Remain loses. Britain will be leaving the E.U.

Why does Britain vote Leave? Because leaving will make Britain great again. Because it will let Parliament take back control. Because Rupert Murdoch said it was a good idea. Because Facebook is fun.

Davey resigns the leadership of his party and with it the prime ministership, and he retreats to a shed in his backyard, which being British he calls his garden.

What he calls a shed is nicer than some people’s apartments. Which he’d call flats.

He starts writing a book. He waits for someone to ask what it’s about but no one does. They’re focused on the window he left open. Several prominent Conservatives are writhing on the floor in front of it, trying to stab each other. The winner will get to lead the party and find a way from window to ground. One that doesn’t break bones. Or that does. The referendum didn’t say that no bones could be broken.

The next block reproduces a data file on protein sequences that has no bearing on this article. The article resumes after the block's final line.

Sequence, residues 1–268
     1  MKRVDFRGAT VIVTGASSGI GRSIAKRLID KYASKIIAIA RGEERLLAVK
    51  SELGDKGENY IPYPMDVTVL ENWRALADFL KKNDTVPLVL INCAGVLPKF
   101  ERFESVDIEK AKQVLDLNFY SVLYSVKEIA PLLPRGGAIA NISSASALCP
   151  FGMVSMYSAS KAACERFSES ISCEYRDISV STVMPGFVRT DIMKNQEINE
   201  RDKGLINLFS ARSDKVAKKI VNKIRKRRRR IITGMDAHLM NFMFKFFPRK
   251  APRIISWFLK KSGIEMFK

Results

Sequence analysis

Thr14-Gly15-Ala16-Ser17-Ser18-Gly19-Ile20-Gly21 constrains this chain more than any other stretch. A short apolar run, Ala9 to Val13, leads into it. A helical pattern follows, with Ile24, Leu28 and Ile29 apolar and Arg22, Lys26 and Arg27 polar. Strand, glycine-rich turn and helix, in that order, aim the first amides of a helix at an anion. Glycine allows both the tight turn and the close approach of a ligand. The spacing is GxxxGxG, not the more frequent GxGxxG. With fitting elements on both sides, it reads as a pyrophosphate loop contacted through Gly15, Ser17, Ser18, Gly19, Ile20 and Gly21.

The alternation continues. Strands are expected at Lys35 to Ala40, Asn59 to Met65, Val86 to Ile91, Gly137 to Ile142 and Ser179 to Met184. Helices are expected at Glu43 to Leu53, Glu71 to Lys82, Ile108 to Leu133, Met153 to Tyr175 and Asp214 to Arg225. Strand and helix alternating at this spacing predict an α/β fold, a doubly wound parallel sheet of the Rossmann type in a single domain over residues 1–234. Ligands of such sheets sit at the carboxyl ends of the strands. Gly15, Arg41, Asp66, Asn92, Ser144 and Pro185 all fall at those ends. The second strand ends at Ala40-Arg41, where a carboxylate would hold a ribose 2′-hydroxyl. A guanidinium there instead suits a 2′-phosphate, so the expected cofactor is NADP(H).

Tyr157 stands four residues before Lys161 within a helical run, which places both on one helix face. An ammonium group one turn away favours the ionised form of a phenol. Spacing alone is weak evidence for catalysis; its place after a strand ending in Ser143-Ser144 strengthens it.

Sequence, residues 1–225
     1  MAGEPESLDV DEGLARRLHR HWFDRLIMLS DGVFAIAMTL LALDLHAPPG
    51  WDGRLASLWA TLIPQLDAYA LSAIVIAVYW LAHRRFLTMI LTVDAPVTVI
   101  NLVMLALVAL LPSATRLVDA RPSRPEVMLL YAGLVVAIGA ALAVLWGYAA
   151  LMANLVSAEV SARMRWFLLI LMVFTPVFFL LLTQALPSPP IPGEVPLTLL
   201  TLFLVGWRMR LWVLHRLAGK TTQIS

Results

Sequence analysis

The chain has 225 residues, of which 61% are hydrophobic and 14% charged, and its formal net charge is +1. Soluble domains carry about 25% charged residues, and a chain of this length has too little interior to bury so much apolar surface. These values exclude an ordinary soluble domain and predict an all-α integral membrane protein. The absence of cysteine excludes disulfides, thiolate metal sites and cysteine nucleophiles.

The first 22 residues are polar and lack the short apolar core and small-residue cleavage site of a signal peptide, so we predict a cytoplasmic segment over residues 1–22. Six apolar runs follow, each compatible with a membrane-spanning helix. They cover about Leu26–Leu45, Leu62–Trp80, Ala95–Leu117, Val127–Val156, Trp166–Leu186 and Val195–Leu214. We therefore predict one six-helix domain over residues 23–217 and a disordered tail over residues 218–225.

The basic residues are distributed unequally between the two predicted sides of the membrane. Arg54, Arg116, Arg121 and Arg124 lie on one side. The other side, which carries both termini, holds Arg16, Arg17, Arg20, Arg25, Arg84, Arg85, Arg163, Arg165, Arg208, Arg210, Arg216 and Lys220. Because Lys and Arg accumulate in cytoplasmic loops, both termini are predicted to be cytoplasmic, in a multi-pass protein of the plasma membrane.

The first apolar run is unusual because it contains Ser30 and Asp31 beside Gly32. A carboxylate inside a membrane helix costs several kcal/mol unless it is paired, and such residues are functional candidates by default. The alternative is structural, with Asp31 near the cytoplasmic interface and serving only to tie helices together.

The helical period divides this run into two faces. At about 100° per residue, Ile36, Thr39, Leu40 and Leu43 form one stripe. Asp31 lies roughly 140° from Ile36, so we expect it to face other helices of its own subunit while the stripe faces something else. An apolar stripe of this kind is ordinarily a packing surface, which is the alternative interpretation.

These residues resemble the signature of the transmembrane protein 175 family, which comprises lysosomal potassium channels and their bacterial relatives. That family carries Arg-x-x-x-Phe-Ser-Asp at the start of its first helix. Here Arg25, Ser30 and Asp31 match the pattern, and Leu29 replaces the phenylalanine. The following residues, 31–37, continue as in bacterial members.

Theresa May emerges as leader of the party, largely because no one thought she was worth stabbing.

What, the press asks her while the other contenders lie bleeding at her feet, is Brexit going to mean.

“Brexit,” she says, “means Brexit.”

Yes, but what does it mean?

It means Brexit.

Oh.

Negotiations between Britain and the E.U. begin. The E.U. negotiators spread papers and studies and printouts on the table. The British negotiators set Etch-a-Sketch pads in front of them.

Time passes. Terri May calls an election, which will prove that, um, remind me, what will it prove? That the country backs her. That’s it.